Dedicated readers of TGIF 2 Minutes will recall highlights two weeks ago of Morgan Housel’s excellent book, The Psychology of Money. Digging deeper into the book revealed the theme that human nature and psychology most often lead people to hear – and believe – only what they want to hear and believe or see happen.
This statement is not an insult or meant to sound arrogant. Rather, in matters of money, financial markets and even the economy there is evidence that people, the more they want something to be true, most often will believe a story that overestimates the odds of the story being true.* The markets, following recent comments by Fed Chairman Jerome Powell, nudged UP on thoughts the Fed might “pivot” (meaning: possibly slow the pace of interest rate increases and even lower interest rates next year – a wishful “story”). But more recent moves down in markets reflect the less popular belief that the US Federal Reserve likely will NOT reverse course, thus continuing to raise interest rates until inflation shows evidence of cooling.
Today’s TGIF 2 Minutes was delayed to reflect a speech given earlier today in Jackson Hole, WY by US Federal Reserve Chair, Jerome Powell.
Earlier today (Friday) US Federal Reserve Chairman Jerome Powell spoke in a widely anticipated speech at an annual meeting of the Kansas City Federal Reserve Bank. The market and investing worlds were looking for guidance from the Fed Chair regarding interest rates and future inflation. Part of the reason for the speech being so closely watched goes back to a former Fed Chair. For those old enough to remember, in December 1996 Alan Greenspan made a now famous speech that rocked the markets when he coined the term, “irrational exuberance.” Then Fed Chairman Greenspan commented,
“How do we know when irrational exuberance has unduly escalated asset values…?” Greenspan went on, “We should not underestimate or become complacent about the complexity of the interactions of asset markets and the economy.”*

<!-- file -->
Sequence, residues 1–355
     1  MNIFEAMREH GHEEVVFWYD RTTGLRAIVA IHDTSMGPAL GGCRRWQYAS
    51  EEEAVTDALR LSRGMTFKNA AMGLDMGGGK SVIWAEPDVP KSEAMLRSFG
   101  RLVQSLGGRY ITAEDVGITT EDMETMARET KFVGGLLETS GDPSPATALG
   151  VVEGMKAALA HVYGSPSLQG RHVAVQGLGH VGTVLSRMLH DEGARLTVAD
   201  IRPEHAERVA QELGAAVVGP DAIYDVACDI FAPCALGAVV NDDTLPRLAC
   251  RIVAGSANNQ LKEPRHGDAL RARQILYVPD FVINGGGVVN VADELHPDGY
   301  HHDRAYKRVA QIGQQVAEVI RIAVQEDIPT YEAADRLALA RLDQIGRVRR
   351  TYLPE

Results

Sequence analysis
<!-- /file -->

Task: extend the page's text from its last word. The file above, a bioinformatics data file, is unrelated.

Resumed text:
To keep with the theme of walking, and because this week the US Federal Reserve “walked up” its benchmark interest rate, a brief discussion is warranted about interest rates, recessions, and the economy. By the way, the weather is HOT as heck, so today’s is a shorter post.
In the accompanying photo please note the mountains in the distance – which could be equated to higher ground, higher prices, and higher interest rates. The walkers seem not to be panicking (yet) because it is early in the higher interest rate progression. Think:
Will the Fed raise interest rates aggressively? Or will the economic threat of recession force the Fed to slow its pace of rate increases? The outcome in what is shaping up as a sort of “game of chicken” remains to be seen.
Inflation is raging – there is no question. Prices of items as basic as eggs, butter and milk are increasing at crazy high rates. This is not to mention price increases for meat and produce. Gas prices have become crippling, just as workers return to corporate offices even part-time. Restaurants are still raising prices for diners. Home prices are still going up, although the recent rise in mortgage rates may cool the craziness. Wage increases are still happening (and not keeping up with inflation but also feeding into inflation) although there may be moderation in wages coming. The list goes on.